Cricket Australia is hopeful they have found a window to play their postponed Test series against South Africa in 2023.
The series was originally scheduled for March of this year but Australia pulled out amid concerns over the biosecurity plans which led to an angry reaction from Cricket South Africa.
Nick Hockley, the CA chief executive, said the relationship with CSA was now "very strong" as they looked to find space in the calendar.
"As we said at the time when we were very disappointed and I know our players were extremely, extremely disappointed not to be able to go to South Africa, so we're pleased that we've been able to find a window in 2023 to reschedule," Hockley said after CA's AGM on Thursday.
South Africa had originally been scheduled to tour Australia in the 2021-22 season for white-ball matches but that was postponed due to being unable to fit the required quarantine periods into the calendar.
Australia have played very little Test cricket since the pandemic struck with just the four home matches against India last season and have not had an away series since the 2019 Ashes. Along with the South Africa series, a tour to Bangladesh was also postponed early in the pandemic.
The one-off Test against Afghanistan, which was delayed from last season and was due to be played in Hobart in late November, will be postponed again following CA's stance on women having access to support under the Taliban.
Next year should see a significant increase in the Tests they play. After the home Ashes they are scheduled for a trio of series in Asia against Pakistan, Sri Lanka and India which form the away legs of their next World Test Championship campaign.
However, the Pakistan series, which is due to be Australia's first visit to the country since 1998, now has uncertainty around it following New Zealand's pullout and England's decision not to travel.
Negotiations around that tour will fall under a new CA chairman after Earl Eddings resigned yesterday having lost the support of Western Australia. Richard Freudenstein has taken on the role in an interim capacity with the aim to have the position filled permanently by the end of the year.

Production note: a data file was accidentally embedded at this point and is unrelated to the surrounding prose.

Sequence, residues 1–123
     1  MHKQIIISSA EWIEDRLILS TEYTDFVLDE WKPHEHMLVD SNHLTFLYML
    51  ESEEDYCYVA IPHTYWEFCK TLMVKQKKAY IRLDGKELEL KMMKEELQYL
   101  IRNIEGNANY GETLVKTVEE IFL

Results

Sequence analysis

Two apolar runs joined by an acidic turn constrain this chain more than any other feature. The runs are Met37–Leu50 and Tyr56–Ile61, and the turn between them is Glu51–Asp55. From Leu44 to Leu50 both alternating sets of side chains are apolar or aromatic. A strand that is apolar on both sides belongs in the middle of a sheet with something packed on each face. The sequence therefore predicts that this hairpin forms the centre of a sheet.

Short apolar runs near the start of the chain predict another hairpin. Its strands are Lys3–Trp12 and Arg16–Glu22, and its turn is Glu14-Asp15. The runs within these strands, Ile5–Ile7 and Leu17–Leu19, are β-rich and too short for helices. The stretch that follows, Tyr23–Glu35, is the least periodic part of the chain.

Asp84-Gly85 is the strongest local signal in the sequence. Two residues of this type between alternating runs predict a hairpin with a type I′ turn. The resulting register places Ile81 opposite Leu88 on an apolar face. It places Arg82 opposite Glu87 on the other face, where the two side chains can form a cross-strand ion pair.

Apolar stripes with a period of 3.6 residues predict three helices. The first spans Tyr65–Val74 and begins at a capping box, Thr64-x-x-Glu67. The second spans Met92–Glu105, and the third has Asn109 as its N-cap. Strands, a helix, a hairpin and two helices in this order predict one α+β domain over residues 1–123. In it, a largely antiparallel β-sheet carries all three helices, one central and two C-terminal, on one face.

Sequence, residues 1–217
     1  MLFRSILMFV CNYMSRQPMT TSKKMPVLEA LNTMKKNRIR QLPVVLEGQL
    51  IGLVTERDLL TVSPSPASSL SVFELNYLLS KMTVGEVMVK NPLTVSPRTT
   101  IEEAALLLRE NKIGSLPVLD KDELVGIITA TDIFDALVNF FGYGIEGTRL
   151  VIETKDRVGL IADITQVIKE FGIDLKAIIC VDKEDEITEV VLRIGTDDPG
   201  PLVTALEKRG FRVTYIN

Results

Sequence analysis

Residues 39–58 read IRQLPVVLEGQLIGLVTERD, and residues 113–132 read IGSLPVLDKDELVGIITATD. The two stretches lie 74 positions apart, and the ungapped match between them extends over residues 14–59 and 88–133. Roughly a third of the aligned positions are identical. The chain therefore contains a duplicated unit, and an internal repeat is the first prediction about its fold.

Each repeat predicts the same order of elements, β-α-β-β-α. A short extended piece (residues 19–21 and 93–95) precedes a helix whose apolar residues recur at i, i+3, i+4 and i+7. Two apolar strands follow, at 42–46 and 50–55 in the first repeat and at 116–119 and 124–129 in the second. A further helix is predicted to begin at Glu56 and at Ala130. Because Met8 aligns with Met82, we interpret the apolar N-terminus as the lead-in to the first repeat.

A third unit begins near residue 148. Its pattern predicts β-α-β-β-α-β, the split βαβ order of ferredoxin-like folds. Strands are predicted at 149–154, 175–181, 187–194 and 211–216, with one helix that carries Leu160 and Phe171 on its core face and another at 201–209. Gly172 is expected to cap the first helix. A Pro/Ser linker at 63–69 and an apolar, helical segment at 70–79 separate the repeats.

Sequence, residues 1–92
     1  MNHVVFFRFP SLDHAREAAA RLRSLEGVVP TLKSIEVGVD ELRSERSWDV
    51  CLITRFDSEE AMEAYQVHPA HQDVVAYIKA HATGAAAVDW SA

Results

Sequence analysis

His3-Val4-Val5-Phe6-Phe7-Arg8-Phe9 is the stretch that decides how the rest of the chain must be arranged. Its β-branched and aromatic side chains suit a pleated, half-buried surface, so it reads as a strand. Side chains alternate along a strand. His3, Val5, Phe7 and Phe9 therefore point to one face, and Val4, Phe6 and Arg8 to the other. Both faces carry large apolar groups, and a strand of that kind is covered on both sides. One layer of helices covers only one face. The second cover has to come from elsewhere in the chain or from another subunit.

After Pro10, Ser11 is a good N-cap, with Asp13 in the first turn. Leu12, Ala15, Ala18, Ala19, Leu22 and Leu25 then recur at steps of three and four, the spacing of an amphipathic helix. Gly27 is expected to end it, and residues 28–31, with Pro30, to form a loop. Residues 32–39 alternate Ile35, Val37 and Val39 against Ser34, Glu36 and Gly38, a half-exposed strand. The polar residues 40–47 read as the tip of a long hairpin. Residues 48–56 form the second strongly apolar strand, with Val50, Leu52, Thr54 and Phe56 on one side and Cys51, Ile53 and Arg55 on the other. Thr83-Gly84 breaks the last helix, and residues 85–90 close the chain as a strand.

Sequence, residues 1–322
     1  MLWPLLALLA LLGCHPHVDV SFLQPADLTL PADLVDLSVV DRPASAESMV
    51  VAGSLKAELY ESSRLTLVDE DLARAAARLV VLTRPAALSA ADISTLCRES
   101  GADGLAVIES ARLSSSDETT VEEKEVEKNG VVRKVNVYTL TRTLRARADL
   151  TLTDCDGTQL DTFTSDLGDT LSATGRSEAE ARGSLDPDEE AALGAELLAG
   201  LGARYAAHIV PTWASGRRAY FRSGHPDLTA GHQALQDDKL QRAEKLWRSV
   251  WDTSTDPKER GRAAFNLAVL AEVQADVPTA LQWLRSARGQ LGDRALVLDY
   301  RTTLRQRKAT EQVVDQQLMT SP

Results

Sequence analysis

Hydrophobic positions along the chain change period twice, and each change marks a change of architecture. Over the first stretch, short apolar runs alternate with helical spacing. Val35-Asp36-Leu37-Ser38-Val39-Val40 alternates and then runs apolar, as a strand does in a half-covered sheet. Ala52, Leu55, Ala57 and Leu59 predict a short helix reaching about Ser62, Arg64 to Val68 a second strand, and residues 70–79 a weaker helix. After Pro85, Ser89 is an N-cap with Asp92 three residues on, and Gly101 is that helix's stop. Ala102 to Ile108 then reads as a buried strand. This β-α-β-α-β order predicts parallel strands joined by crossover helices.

While there is confidence there will be a full summer of cricket in Australia, Covid-19 remains a major challenge and there are a number of other key issues on the horizon for the game including the next MoU negotiations - although CA and the Australian Cricketers' Association are now on much better terms - as well as rebuilding relationships at state level. John Knox, the New South Wales chairman, also made a call for a full governance review of CA during the AGM.
"I think the timing is a little bit unfortunate," Freudenstein said of Eddings' departure. "We at the board had planned for an orderly transition that would have started with appointing a successor at the end of the season, and then that handover happening over the next period of time to help build those relationships. But we've got an experienced board and an experienced executive team, and we will make sure things get done. That's just the way cricket works."
At the AGM it was confirmed that CA had spent $23 million on Covid-related costs including biosecurity although the game virtually broke even with an overall loss of $151,000. "Although this was an improvement on revised budgetary expectations, it represented a significant adverse variation from the four-year cycle projections in the long-range plan due to the impacts of Covid-19 on match revenues and costs," a statement said.
Andrew McGlashan is a deputy editor at ESPNcricinfo